In brief

In brief

  • The successful digital transformation of the federal government will depend on a new breed of chief information officers (CIOs).
  • These new leaders, charged with navigating the largest IT transformation ever attempted, face shifting cultural norms and accelerating change.
  • A panel of IT experts discuss the evolving role of the CIO, and how greater empowerment will create more successful digital transformations.

In this brief, Troy Schneider, editor-in-chief of FCW and GCN, leads government and industry experts in a panel discussion of big data, analytics, and artificial intelligence, highlighting the transforming role of the federal CIO.

A new measure of IT success

The measure of IT success in the federal sector is changing. For some stakeholders, declaring victory will happen when a digitally transformed government can regularly deliver services in ways that resemble consumers’ experience in the private sector.

Dave McClure, CIO advisory lead, Accenture Federal Services, agreed that CIOs will be critical to the digital transformation of government. He told IT leaders attending the conference that he “would like to see the recruitment of CIOs who have some business background and understand how to partner and create solutions in quicker time frames than what we have historically been doing in government”.

"We have technology that actually can improve government quite quickly. It’s the adoption and the business case and the dialogue that’s not sophisticated."

— Dave McClure, Principal Director, Federal CIO Advisory Services – Accenture Federal Services

A digital awakening

“Being able to talk in a hybrid manner is critical for CIOs,” said McClure, who characterized the government’s shift away from legacy systems as “the great digital awakening.”

That awakening is at an inflection point, the conference’s experts said, and CIOs will lead the charge to knock down impediments to change. Among those challenges is resistance to using new tools, particularly in risk-averse environments that resist change.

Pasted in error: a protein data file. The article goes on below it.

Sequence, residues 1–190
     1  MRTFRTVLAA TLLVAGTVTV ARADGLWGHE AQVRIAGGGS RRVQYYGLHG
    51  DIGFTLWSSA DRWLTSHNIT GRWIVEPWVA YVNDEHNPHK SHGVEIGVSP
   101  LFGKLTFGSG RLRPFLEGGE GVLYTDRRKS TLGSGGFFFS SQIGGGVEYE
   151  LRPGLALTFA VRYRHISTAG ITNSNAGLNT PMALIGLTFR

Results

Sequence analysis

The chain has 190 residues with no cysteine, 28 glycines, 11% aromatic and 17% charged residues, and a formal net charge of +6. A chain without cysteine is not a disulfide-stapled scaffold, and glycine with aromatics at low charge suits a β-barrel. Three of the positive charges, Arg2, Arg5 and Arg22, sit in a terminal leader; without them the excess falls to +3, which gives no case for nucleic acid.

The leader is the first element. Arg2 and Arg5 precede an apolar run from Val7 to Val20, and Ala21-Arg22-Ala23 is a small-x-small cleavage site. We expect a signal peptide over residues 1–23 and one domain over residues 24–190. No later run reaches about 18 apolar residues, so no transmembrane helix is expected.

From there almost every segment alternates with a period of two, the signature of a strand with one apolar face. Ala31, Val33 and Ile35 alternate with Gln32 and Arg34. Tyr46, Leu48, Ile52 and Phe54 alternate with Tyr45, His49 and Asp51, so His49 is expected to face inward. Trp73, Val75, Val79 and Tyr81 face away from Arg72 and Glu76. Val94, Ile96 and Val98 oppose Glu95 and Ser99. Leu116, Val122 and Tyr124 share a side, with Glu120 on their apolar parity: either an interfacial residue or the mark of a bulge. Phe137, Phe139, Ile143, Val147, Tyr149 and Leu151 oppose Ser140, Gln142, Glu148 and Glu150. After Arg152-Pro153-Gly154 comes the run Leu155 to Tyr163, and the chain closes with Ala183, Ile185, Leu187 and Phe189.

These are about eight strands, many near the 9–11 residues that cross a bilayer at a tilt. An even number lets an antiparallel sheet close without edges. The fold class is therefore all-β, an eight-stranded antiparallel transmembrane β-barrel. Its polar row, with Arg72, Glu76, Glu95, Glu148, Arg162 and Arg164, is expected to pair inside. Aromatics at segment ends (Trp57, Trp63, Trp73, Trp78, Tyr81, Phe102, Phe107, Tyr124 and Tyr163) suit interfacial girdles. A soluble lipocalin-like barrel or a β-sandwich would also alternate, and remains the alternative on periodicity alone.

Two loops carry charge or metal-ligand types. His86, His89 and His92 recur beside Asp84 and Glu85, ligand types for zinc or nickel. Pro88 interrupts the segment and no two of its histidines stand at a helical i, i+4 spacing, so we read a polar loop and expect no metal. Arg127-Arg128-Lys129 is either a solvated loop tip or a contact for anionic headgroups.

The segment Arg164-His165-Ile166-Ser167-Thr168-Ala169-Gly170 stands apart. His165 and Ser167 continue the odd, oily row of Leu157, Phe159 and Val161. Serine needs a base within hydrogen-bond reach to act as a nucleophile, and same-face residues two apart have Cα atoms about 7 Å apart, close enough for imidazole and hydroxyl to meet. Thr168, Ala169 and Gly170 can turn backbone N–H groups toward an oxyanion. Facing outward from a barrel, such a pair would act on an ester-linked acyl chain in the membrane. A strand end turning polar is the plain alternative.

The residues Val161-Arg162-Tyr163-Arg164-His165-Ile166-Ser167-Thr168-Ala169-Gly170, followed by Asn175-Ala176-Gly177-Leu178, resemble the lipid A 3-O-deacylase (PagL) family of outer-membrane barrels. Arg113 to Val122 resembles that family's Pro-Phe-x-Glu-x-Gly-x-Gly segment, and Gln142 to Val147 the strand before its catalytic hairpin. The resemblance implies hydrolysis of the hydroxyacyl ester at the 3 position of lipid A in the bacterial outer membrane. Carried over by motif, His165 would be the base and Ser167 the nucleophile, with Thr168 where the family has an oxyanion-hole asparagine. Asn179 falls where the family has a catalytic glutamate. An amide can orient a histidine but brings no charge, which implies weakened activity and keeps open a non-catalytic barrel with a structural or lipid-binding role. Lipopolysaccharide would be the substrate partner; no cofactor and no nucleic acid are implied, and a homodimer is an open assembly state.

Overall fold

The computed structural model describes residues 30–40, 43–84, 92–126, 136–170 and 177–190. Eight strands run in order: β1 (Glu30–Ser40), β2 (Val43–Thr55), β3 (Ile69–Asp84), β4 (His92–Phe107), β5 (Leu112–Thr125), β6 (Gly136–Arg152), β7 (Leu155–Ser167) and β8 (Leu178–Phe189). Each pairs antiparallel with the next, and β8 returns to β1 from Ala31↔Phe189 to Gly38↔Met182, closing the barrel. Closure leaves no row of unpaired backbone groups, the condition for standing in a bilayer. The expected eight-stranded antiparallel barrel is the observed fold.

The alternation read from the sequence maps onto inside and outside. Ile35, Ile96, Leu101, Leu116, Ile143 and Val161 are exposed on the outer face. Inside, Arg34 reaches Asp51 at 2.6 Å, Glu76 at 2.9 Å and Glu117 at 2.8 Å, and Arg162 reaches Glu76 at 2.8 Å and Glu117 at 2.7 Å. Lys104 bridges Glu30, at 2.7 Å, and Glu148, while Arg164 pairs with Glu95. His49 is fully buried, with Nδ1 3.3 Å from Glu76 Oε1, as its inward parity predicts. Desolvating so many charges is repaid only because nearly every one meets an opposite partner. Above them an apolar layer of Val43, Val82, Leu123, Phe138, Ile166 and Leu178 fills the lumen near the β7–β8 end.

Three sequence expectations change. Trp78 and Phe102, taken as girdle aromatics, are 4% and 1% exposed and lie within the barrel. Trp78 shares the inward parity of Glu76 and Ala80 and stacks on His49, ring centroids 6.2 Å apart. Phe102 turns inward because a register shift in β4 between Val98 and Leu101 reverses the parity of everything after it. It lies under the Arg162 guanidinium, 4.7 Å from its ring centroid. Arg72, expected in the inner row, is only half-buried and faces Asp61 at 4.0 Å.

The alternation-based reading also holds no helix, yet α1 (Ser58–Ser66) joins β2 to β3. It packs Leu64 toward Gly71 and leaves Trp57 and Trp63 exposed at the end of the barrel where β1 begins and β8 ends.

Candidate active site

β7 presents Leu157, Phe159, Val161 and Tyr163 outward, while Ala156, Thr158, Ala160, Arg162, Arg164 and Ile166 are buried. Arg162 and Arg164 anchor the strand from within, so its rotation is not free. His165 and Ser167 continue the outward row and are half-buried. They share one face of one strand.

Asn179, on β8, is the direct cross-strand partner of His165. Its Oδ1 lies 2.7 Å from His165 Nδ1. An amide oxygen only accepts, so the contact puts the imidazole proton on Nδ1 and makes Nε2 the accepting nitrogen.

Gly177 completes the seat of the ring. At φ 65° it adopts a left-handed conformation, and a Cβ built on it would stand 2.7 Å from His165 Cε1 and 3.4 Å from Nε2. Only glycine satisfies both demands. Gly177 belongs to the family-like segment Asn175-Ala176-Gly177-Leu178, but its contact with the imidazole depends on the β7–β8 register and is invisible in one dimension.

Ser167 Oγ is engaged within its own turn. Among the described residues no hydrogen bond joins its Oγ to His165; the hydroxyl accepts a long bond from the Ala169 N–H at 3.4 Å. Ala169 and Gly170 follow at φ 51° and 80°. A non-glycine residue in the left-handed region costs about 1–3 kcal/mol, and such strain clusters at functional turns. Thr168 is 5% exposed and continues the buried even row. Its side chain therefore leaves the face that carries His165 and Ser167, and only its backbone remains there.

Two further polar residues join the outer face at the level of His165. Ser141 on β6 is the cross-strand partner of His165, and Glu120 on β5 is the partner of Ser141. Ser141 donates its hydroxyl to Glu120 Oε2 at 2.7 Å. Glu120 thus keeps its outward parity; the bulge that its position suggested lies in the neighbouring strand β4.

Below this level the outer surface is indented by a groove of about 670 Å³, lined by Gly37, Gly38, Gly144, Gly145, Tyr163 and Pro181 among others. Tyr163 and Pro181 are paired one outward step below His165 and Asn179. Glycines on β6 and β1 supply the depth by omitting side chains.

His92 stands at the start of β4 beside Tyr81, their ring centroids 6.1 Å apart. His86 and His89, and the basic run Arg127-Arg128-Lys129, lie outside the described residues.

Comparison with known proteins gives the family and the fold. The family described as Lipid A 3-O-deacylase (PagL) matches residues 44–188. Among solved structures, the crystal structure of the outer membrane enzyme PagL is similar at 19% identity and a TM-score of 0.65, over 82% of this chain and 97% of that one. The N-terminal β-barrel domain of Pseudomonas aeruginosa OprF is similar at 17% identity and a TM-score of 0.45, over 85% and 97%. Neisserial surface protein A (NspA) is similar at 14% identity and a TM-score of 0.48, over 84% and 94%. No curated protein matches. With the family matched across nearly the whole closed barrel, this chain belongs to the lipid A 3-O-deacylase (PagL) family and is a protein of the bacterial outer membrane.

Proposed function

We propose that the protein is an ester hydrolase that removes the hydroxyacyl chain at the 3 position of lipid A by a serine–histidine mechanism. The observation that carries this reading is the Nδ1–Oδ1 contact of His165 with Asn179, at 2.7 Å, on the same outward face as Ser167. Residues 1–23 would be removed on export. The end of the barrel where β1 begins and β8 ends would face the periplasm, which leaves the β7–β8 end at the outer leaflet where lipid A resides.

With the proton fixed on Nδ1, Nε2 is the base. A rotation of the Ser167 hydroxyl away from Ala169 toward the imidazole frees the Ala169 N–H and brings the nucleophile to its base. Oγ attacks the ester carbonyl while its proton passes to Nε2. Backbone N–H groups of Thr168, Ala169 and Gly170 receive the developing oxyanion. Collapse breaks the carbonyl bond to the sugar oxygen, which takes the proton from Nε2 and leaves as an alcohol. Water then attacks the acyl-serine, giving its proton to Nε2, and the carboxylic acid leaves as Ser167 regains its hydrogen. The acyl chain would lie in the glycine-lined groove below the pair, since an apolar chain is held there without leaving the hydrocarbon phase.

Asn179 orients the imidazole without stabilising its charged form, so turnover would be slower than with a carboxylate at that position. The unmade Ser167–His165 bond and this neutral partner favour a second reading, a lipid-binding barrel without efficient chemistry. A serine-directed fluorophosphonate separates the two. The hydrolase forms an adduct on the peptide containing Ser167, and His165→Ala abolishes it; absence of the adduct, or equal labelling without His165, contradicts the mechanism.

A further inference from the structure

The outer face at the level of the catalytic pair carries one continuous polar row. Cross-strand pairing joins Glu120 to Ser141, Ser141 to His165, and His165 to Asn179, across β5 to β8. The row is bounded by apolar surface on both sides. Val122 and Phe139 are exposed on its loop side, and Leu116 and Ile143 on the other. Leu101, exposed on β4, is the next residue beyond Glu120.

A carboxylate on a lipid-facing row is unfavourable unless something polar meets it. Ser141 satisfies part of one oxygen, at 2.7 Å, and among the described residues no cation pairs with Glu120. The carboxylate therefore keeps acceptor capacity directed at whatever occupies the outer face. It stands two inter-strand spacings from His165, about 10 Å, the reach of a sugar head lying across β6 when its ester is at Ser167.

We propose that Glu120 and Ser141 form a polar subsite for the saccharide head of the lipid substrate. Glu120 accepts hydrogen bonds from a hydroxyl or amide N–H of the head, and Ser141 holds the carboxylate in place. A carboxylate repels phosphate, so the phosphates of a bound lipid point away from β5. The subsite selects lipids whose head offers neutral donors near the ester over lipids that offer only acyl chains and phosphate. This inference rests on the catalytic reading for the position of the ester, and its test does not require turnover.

Enabling cultural and political change

IT can help CIOs and other transformational leaders to break the impasse. For example, evolving platform technologies will help the next generation of CIOs overcome resistance, in part by triggering cultural and political shifts.

Knocking down barriers to change

In the push to achieve digital transformation, federal agencies are proceeding at different paces. Among the leaders, the U.S. Department of Agriculture is making structural changes that promote the digital transformation of government, the conference speakers said.

Under the leadership of Secretary Sonny Perdue, the department has streamlined IT leadership, consolidating 22 component CIOs into nine mission-area assistant CIOs. The change has reduced bureaucratic barriers and improved communication, said Francisco Salguero, deputy chief information officer at USDA. “That’s the cultural shift we’re making, enabling people to talk more about mission,” Salguero said.

“Sonny Perdue, at USDA, he’s not giving speeches about modernization,” McClure said. “He’s making it happen.”

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